Laval is highlighting the initiatives it has taken in 2019 to protect and enhance its architectural heritage.
At its last meeting of the year, the city council passed a resolution to acquire the heritage building Maison Saint-Joseph at 3550 Lévesque west that will be preserved and developed for public use.
During the year, Laval completed a study of its territory and a pre-inventory of modern, institutional and religious heritage sites and properties. It also adopted a series of bylaws to regulate demolition of buildings of heritage interest by establishing a demolition committee; recognizing some 100 new heritage buildings located outside heritage territories and requiring them to seek approval for and building or renovation plans, and increasing financial assistance for renovation and restoration of heritage buildings.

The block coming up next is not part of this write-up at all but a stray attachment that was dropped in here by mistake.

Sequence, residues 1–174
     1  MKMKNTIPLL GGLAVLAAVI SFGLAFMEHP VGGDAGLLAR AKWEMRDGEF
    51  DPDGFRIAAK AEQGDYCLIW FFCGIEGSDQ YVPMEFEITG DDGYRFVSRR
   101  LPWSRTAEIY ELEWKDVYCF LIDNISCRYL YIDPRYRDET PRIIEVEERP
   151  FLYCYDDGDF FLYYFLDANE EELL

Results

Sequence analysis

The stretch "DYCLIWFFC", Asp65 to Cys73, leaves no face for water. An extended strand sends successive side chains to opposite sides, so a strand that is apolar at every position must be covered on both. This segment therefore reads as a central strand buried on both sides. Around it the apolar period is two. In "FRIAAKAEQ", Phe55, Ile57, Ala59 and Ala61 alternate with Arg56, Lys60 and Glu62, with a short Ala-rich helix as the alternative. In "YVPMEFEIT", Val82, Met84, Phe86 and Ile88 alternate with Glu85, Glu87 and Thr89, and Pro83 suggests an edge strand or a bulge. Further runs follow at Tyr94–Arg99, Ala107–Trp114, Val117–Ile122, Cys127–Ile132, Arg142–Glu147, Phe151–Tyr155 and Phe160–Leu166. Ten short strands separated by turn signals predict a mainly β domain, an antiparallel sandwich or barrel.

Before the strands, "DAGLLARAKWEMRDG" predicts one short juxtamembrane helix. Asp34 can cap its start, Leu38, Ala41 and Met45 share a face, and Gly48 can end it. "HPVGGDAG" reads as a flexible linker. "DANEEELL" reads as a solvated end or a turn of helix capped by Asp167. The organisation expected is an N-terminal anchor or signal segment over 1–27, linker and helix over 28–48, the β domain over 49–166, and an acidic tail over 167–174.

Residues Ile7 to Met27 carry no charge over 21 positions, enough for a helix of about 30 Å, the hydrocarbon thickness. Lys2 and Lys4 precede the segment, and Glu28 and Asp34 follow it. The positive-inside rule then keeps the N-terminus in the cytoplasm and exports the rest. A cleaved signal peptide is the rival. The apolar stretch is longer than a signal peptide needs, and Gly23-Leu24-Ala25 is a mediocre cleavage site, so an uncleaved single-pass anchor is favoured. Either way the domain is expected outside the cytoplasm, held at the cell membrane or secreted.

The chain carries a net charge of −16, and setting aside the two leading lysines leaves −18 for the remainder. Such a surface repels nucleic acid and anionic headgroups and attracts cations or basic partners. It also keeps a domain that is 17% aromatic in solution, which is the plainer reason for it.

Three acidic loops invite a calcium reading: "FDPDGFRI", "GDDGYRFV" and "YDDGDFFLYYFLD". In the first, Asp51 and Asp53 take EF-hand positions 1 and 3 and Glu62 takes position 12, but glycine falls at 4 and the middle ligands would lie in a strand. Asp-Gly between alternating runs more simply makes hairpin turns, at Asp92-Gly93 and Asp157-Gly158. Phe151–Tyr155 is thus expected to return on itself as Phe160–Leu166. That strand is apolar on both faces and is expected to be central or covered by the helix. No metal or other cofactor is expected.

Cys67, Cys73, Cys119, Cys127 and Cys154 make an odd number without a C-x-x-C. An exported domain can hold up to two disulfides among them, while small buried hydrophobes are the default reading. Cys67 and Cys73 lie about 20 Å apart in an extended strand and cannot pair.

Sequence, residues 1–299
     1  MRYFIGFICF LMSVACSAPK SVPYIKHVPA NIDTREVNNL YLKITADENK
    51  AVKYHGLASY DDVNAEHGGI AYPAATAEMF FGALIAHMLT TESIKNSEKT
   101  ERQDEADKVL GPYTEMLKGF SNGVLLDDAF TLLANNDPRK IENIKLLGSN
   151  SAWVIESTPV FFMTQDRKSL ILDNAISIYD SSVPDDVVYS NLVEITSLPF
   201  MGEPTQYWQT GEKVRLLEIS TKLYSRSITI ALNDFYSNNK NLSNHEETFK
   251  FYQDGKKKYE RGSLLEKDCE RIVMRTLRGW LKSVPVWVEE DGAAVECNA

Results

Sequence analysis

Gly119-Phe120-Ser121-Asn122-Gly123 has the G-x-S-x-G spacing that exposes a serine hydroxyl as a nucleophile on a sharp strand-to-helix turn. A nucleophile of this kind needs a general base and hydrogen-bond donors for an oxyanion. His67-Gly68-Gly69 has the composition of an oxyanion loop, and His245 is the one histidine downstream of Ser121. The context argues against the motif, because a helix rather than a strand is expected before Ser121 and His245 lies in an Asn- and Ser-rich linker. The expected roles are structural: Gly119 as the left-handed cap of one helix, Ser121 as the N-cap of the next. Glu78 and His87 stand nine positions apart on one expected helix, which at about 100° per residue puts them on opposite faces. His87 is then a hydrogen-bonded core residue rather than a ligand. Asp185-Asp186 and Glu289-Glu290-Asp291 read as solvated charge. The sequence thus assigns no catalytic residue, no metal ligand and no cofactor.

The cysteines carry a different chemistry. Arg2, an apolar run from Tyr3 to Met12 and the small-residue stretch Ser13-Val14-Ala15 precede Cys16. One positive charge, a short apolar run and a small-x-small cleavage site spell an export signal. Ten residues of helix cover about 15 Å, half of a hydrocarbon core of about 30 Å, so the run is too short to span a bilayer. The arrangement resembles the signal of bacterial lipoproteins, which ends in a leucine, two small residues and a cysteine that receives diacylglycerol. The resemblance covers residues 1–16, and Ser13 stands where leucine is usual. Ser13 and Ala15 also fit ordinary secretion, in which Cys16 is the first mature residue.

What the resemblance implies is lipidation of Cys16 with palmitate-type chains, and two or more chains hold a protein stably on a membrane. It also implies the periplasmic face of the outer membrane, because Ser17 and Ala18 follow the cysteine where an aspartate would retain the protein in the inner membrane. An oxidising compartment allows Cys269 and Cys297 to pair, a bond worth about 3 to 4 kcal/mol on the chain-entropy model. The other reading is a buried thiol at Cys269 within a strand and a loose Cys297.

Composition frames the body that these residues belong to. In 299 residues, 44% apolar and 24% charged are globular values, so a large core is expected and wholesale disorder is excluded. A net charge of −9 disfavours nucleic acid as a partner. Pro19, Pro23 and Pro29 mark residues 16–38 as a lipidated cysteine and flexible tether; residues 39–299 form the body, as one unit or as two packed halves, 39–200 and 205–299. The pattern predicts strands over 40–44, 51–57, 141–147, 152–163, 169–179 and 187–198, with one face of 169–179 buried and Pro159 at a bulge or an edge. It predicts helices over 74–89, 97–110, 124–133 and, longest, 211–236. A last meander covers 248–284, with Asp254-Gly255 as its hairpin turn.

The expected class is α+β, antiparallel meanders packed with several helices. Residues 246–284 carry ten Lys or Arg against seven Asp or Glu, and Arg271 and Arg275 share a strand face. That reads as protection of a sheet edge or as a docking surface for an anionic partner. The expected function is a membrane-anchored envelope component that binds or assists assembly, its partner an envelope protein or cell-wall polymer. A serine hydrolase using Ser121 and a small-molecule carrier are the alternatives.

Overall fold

The city’s three-year $1.13 billion Capital Works Program also includes projects in the heritage file, such as restoration work at the 200-year-old André-Benjamin-Papineau farmhouse to ensure the sustainability of the heritage property classified by Quebec’s Ministry of Culture and Communications in 1974. There will also be major renovations at Maison Desjardins, constructed in 1740.
This is all to buttress efforts of the last few years, which include an inter-service committee of the city’s heritage experts; inventories of road side crucifixes and icons along with their restoration and upgrading their interpretation panels; a study on the history and heritage of the Saint-François de Sales; the histoire.laval.ca website and the Parcourir Laval mobile app.
The Quebec government’s recent announcement of a financial assistance program for municipalities to protect and renovate heritage buildings will further allow the city to consolidate its efforts, according to a city announcement.